You don’t become a megastar like Will Smith without picking up a bit of wisdom—and some seriously amazing stories—along the way. Collaborating with self-help author Mark Manson, Smith chronicles his life and career and shares inspiring observations about the lessons he’s learned. (The quote “living is the journey from not knowing to knowing” really stuck with us.) Smith is just as charismatic as an audiobook narrator as he is on screen. Even when he’s discussing painful topics, like how much of his drive and ambition were shaped by his abusive, alcoholic dad, his raw honesty and charm shine through. We loved hearing about his meteoric rise as a rapper and actor—from touring with Public Enemy to negotiating a movie contract for tens of millions, every stop on his journey had us enthralled. Will is a memoir with just as much star power as the celebrity behind it.
Will Smith’s transformation from a West Philadelphia kid to one of the biggest rap stars of his era, and then one of the biggest movie stars in Hollywood history, is an epic tale—but it’s only half the story.
Will Smith thought, with good reason, that he had won at life: not only was his own success unparalleled, his whole family was at the pinnacle of the entertainment world. Only they didn’t see it that way: they felt more like star performers in his circus, a seven-days-a-week job they hadn’t signed up for. It turned out Will Smith’s education wasn’t nearly over.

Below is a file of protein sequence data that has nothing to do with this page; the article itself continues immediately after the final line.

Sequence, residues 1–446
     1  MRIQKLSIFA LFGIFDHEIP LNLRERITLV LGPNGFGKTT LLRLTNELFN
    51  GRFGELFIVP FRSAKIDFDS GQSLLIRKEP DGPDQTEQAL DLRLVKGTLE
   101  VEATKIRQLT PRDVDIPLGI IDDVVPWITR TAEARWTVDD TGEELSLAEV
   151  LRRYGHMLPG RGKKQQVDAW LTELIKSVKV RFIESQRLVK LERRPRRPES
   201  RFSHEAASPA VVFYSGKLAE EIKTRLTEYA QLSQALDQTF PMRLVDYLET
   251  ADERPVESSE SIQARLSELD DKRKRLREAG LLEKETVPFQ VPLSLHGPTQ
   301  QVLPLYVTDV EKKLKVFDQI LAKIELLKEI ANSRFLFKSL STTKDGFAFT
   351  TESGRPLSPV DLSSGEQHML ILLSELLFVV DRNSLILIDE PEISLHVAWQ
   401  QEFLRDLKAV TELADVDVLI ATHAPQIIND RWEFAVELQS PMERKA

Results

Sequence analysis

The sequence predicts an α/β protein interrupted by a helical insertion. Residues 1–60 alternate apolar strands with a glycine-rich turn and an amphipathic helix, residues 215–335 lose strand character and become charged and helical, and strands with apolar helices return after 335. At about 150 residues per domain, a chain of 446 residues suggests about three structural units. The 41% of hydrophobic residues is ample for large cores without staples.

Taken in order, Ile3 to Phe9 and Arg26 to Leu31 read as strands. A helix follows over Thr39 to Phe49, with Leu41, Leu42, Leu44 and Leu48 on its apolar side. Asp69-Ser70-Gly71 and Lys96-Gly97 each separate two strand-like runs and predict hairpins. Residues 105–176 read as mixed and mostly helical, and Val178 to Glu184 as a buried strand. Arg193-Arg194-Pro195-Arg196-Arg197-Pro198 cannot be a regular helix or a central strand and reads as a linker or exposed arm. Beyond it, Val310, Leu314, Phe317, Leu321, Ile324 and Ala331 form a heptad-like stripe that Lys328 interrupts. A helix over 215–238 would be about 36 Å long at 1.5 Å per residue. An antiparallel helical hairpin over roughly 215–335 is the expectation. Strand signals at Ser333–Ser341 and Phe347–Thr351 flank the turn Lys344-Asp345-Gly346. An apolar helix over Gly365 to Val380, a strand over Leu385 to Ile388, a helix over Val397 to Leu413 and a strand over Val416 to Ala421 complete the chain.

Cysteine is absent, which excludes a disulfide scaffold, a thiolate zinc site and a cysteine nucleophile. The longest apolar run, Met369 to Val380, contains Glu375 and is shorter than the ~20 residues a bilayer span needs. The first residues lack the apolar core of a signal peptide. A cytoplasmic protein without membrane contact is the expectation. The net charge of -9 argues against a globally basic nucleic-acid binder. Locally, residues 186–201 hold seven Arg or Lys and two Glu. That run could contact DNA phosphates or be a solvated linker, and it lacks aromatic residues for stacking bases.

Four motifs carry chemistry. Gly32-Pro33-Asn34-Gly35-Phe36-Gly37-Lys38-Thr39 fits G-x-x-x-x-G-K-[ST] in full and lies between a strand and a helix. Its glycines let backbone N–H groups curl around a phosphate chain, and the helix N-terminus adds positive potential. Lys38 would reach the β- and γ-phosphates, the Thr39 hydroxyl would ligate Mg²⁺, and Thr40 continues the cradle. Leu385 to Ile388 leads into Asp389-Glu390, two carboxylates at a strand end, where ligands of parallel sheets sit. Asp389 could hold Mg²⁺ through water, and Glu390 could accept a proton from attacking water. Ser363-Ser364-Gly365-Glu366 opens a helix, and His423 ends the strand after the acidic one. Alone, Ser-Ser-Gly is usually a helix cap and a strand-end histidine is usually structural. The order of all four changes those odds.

This memoir is the product of a profound journey of self-knowledge, a reckoning with all that your will can get you and all that it can leave behind. Written with the help of Mark Manson, author of the multi-million-copy bestseller The Subtle Art of Not Giving a F*ck, Will is the story of how one person mastered his own emotions, written in a way that can help everyone else do the same. Few of us will know the pressure of performing on the world’s biggest stages for the highest of stakes, but we can all understand that the fuel that works for one stage of our journey might have to be changed if we want to make it all the way home. The combination of genuine wisdom of universal value and a life story that is preposterously entertaining, even astonishing, puts Will the book, like its author, in a category by itself.